The people who suffer of course are the vulnerable. The elderly, who may not be able to use the Internet, are probably still getting their gas from British Gas – and paying through the nose. The poorest are on meters – and that’s the dearest way to get fuel. In the old days I paid three months in arrears. Now, despite the fact they know far more about my fuel usage, my account often ends up with them having my money before I’ve even used it!

Some would argue competition in the energy markets allows me to make more selective choices. My view is that if, for instance, green renewable energy is a good thing, shouldn’t everyone be having it. I’m very much in favour of renewable energy – but don’t see why someone else should go elsewhere to save money. I’ll get their extra pollution.

Transport is interesting. At one stage there were four different bus companies operating between Crewe and Nantwich. In theory this should be good. However return tickets are only marginally dearer than single tickets – and they would never accept another company’s tickets. So I’d be at Crewe, seeing a bus going to my destination and I’d have a choice. Pay twice, or have an unnecessary wait. When the competition was intense, there was loads of buses competing at peak times, but not at other times.

Nantwich railway station is currently run by Transport for Wales. Effectively it’s a take it or leave it choice. If I get a ticket to Manchester, an any operator ticket (which is prominent on their ticket machine) is dearer than the Transport for Wales only ticket!

The supermarkets have done a good job portraying themselves as people who drive down prices. Often this is at the expense of their suppliers. If their mission was to provide cheap food for all, why do they charge more for the same items in convenience stores? Again the vulnerable end up paying more.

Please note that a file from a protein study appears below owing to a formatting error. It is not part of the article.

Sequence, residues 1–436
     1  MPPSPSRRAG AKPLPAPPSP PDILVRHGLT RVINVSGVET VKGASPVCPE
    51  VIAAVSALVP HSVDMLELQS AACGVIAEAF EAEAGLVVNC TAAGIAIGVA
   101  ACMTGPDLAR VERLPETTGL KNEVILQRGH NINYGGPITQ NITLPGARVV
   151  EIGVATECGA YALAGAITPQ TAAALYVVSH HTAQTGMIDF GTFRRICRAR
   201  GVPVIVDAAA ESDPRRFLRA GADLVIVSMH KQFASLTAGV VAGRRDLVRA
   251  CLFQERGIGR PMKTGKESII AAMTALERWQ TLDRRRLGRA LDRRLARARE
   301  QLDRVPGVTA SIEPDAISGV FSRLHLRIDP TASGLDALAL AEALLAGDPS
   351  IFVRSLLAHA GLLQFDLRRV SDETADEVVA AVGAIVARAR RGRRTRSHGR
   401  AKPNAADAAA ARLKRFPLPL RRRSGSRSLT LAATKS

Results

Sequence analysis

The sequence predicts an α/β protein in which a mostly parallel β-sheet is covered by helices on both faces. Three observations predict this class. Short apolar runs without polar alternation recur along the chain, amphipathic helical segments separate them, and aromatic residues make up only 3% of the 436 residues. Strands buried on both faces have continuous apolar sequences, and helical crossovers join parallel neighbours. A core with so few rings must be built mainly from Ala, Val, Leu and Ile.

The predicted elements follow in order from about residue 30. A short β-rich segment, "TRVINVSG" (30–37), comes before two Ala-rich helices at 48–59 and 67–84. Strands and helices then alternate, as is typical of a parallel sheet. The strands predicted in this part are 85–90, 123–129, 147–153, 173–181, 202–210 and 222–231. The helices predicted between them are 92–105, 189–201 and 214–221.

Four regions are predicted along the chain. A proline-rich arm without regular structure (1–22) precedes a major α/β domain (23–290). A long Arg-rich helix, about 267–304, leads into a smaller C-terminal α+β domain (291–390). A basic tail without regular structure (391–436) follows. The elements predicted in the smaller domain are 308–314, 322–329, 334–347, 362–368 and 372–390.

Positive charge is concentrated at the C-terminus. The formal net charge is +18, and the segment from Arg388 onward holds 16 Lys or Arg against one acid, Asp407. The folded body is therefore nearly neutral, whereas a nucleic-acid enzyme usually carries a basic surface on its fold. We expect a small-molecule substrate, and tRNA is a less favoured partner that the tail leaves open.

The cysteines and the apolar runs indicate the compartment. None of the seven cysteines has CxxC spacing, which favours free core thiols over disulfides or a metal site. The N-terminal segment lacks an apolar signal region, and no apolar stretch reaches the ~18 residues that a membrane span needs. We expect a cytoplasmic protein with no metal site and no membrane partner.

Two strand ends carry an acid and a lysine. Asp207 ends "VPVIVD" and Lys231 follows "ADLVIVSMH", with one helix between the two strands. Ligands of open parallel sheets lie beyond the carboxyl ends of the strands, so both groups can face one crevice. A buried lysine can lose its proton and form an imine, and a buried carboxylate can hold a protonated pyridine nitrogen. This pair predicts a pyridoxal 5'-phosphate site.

Mobile phone services are operated by a few massive companies. Where I live is borderline reception for some operators, but where my mother-in-law lives is also borderline reception – but for different operators! So do I get two different phones? Wouldn’t it be wonderful if all the operators amalgamated their provision for phones and Internet to give everyone the best coverage everywhere? Of course, where competition exists, that’s unlikely to happen.

All these different service providers have costs. These include the costs of marketing department and adverts, and the costs for dealing with customers wishing to switch. Who do you think pays for all of this? We, the consumers, do!

My Internet contract is coming up for renewal. Over the years I’ve tried loads of different companies. However it’s always coming down the same wires – and I’m too far away from fibre connections to get a really good service. I resent the time that I will spend finding out who will be cheapest. If I change I have to spend ages altering the settings on all the different devises we have which use WiFi. I don’t think this is a good use of my time.

So is competition good? In theory yes. Or at least Perfect Competition can be when we have Perfect Information. Sadly that’s often not the case….